Shares of San Antonio-based refiners Valero Energy Corp. and Tesoro Corp. took a beating last week because of a cost that had been of little concern — until now.
Refiners are paying more for credits that help them meet a federal mandate requiring corn-based ethanol to be blended into gasoline.
That could mean refiners’ margins will be squeezed, and they may pass along the higher cost of the credits to consumers through higher prices for gasoline, industry analysts say.
Analysts point to federal renewable fuel standards as the culprit. This year, the government is requiring refiners and importers to blend 13.8 billion gallons of ethanol into gasoline, a total that may rise to more than 14 billion gallons next year.
To ensure the mandate is met, each gallon of ethanol is tagged with a Renewable Identification Number, or RIN — simply put, an ethanol credit.
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If refiners can’t get sufficient ethanol to meet the mandate, they can purchase credits.
The cost of the credits has soared, rising from about 5 cents at the first of the year to more than $1 now.
The rapid increase indicates there’s a shortage of the credits now or a perhaps concerns by refiners that there may be a shortage next year.
There are several reasons why the cost of the credits is soaring, Roger Read, senior analyst at Wells Fargo Securities’ Houston office wrote in a note to clients on Monday.
Ethanol production began to decline in the second half of last year because of drought, followed by a spike in corn prices, Read said. Also, the gasoline market is almost saturated with ethanol.
About 95 percent of the gasoline sold in the nation is blended with ethanol up to its 10 percent limit, he told clients.
Analysts at Macquarie called the credits “a hidden cost” for refiners, putting pressure on their shares. Shares of Valero and Tesoro dipped 5 percent and 3 percent, respectively, in Wednesday’s trading before bouncing back a day later. Valero closed at $43.84 a share on Thursday, and Tesoro, $56.95.
The 10 largest independent refiners lost a total market value of $5 billion in the five trading days through Monday, Barclays calculated.
At Tesoro, the company “has approached the recent price fluctuations in the corn ethanol RIN market with an appropriate level of concern,” spokeswoman Tina Barbee said in an email, “just as the company would with any variable cost that has the potential to impact the cost of providing transportation fuels to consumers.”
Tesoro repeatedly has called for the repeal of the federal renewable fuel standard, she added. “Coupled with fraud in the biodiesel market and the failure of cellulosic (biofuel) to reach production goals, the recent price increases are just another of the problems that emanate from this federal program.”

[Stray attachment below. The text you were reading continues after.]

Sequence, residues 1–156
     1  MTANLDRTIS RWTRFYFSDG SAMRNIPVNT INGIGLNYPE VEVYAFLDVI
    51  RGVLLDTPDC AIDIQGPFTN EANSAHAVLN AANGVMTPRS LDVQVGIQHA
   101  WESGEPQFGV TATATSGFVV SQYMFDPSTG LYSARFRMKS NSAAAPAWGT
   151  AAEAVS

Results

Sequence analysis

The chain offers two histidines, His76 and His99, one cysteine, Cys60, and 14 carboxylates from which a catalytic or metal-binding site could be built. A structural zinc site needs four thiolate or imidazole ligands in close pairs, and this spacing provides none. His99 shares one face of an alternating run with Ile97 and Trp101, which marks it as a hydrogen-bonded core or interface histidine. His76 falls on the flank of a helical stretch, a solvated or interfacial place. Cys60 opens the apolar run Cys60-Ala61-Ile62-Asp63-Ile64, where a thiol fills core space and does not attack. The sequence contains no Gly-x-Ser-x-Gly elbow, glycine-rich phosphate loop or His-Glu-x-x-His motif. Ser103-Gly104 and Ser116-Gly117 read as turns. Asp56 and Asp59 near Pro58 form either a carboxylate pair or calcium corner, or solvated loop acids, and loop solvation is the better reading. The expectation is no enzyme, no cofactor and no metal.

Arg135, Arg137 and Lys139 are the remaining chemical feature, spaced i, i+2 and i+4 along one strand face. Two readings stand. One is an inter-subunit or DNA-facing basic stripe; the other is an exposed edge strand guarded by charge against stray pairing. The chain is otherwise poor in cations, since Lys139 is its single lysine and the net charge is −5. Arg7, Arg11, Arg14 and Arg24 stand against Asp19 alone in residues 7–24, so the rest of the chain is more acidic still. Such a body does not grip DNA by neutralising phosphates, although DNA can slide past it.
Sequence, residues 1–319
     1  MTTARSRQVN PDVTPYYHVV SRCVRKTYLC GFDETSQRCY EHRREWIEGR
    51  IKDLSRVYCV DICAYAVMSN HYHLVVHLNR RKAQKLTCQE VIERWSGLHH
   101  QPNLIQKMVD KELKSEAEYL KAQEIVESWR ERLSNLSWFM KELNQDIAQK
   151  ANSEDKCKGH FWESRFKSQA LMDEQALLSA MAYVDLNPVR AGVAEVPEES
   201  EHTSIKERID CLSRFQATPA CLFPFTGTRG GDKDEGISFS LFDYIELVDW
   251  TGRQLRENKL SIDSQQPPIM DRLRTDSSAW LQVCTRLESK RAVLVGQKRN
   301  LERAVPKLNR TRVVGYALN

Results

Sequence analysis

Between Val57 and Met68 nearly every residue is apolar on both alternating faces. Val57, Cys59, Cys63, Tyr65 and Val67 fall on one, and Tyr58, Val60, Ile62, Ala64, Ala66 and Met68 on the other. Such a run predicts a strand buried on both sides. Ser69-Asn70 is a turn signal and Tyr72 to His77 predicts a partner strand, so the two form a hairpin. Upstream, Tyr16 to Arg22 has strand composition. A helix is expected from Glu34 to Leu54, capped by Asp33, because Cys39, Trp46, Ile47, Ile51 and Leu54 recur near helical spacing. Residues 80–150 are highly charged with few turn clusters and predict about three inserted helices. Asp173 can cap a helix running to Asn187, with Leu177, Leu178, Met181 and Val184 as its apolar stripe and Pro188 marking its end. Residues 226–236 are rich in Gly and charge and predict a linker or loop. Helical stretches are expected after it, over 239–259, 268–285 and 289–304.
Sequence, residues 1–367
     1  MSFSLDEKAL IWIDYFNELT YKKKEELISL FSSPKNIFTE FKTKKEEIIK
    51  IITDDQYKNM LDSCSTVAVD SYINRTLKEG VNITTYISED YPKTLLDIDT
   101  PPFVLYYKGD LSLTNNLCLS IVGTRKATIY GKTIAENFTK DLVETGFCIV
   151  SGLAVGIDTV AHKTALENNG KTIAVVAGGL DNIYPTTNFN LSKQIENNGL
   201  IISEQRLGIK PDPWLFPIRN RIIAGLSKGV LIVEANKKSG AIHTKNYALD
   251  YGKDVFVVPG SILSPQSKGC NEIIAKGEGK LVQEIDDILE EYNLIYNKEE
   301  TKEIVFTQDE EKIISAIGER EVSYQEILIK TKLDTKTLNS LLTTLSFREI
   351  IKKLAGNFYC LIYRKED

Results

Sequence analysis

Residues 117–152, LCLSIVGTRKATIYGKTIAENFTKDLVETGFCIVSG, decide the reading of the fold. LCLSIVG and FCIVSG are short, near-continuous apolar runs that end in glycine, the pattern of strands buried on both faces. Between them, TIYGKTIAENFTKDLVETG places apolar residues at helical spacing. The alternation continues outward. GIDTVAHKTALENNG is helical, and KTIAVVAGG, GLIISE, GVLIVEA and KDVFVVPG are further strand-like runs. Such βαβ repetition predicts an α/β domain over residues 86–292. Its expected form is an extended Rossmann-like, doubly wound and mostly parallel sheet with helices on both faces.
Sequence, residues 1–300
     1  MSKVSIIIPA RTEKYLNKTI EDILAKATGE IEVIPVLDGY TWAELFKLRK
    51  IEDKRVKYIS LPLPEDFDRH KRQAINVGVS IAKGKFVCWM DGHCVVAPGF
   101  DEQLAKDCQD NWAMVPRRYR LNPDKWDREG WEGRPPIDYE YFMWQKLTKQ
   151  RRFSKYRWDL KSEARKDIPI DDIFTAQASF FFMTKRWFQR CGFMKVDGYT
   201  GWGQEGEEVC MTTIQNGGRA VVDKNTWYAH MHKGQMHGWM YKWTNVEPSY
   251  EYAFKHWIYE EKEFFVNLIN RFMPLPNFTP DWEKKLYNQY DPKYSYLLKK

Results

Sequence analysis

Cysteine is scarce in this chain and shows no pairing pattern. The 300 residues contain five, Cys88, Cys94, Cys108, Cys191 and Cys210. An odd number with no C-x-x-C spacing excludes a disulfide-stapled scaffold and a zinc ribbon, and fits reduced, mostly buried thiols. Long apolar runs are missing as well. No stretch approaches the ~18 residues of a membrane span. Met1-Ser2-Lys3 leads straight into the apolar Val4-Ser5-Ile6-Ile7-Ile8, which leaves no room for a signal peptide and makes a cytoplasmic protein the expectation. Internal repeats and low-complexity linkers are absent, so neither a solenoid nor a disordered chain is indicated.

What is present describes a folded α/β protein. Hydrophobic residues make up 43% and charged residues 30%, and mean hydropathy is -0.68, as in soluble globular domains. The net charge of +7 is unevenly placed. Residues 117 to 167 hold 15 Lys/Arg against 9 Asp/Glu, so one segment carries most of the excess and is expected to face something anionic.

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She declined to speculate on how the higher price for credits would affect the price of fuel.
At Valero, the situation “is definitely impacting” the company because it’s a net buyer of the credits, spokesman Bill Day said. “We are responsible for ensuring that ethanol gets blended into the gasoline that we produce. We can either buy ethanol or where it’s not readily available, we can buy the RINs.”
Although Valero owns 10 ethanol plants in the Midwest, it doesn’t blend ethanol into gasoline “and that’s part of the problem,” Day said. Every gallon of ethanol has a RIN attached to it, but it doesn’t become a credit until the ethanol is blended into gasoline.
“So whoever blends the ethanol has control of the RIN, not the maker of the gasoline,” Day said.
The key problem is that the renewable fuel standard “isn’t matched to gasoline usage,” Day said. “It’s a completely made up number.”
The best way to address the situation, he added, is to link the renewable fuels standard to gasoline consumption. “That way it can move up and down with gasoline usage. That’s not the way things are working now.”
The Renewable Fuels Association said that it supports blending 15 percent ethanol in gasoline, saying that mix is “fine for 75 percent of today’s vehicles that constitute 85 percent of all miles traveled.”
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But some older cars can be damaged by filling up with gasoline containing 15 percent ethanol, analysts said.
For Valero, as long as the credits remain expensive, there are just three options, Day said.
“We can stop making gasoline, which isn’t an attractive option. We can export more of the gasoline we do make to markets without a renewable fuel standard — that would be very attractive to us.”
Or the third option “is to bear the cost and pass that along to customers.”
Barclays’ analysts were a bit more sanguine, saying the spike in the price of credits is a “transitory issue.”
But the firm said that if the prices for credits should stay high, “at least part of the cost will ultimately pass through to consumers.”